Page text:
However when we talked as a group the others thought that it had various degrees of Hollywood ending, feeling very contrived and forced. After talking to them and hearing what they had to say I have to agree a little.
I can't really describe what makes me think that, but if there had been a little more time before the ending and perhaps events had developed from a different direction, then I wouldn't have felt a little let down.
I really can't say more than that without giving things away, but that'll give us an interesting talking point for those that have seen it.
So for me the ending was a little compromised. At the time though I did think it was excellent, although I could see the clues and I was starting to wonder, it did come as a big surprise and come out of nowhere. After the conversation with others though it felt a little contrived and forced, but I have to say at the time it was an excellent ending.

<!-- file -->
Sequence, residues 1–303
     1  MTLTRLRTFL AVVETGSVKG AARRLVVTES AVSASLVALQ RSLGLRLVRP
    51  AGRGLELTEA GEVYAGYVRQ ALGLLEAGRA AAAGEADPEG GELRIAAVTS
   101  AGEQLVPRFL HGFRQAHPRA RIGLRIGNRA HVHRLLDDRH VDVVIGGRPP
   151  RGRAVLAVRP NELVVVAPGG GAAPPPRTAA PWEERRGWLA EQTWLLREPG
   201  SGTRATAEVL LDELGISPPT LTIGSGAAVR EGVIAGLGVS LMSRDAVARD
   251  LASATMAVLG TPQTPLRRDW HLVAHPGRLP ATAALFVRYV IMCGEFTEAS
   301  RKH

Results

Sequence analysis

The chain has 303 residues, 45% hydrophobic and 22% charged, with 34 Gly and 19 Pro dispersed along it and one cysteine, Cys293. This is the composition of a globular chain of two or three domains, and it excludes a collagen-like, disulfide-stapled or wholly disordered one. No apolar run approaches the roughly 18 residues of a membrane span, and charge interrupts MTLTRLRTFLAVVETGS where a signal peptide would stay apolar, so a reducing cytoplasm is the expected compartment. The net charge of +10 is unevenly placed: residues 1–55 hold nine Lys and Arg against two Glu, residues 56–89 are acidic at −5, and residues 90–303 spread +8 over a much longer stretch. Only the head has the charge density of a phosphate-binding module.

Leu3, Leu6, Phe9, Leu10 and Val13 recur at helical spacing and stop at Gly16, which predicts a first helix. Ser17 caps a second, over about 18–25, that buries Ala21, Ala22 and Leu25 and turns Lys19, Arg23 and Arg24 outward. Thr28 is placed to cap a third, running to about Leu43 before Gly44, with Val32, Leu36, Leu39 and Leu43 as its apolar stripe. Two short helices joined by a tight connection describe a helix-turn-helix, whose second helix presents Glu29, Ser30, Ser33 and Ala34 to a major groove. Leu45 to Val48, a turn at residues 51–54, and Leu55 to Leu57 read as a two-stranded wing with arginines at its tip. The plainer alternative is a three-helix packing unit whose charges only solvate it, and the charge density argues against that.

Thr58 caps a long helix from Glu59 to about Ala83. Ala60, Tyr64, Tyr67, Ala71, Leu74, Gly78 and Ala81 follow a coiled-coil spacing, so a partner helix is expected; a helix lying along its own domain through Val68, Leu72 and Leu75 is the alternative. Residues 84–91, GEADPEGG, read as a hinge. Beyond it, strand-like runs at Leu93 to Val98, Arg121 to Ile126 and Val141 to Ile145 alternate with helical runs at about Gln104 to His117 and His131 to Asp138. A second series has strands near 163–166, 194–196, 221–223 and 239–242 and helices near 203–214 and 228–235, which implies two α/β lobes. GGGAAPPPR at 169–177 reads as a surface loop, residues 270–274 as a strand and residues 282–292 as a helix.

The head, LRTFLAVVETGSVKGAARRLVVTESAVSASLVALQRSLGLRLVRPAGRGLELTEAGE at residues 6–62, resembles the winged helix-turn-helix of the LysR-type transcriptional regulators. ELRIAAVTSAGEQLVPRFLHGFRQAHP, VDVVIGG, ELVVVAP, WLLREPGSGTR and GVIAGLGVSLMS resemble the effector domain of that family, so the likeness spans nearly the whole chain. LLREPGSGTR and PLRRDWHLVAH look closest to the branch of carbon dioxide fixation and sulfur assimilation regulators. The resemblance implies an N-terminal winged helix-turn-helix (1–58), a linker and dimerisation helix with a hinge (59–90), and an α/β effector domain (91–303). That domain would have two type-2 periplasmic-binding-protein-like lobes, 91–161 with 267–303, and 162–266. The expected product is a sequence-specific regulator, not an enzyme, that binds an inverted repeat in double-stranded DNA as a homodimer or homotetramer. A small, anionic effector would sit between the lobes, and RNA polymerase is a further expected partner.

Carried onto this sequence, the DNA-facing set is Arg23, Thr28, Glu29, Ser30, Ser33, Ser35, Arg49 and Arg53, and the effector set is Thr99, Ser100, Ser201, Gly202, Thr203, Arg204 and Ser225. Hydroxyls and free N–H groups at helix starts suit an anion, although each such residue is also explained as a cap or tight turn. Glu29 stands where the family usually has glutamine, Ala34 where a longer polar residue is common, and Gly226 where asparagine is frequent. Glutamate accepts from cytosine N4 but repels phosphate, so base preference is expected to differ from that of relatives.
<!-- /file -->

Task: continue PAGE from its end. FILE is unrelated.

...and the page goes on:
A quick mention about the cool references at the start of the film, the main character is an artist for film posters and in the opening shots we see a poster for The Thing, which really does say that the tone of this film is going to reference the film, and it does. The other painting that the artist is working on is for The Dark Tower, and how good would that be to see a film of that story? Like that idea though the painting is destroyed.
The effects in the film are very good, and get better as time goes on and the creatures become more scary and creepy, but there are two moments where they don't work well. The first is the opening meeting with the creatures as the tentacles stretch into the warehouse, they look completely CGI and faked, and don't really work at all, especially when they are wrapped around the face of an actor. Honestly at that point I thought the graphics were going to be terrible.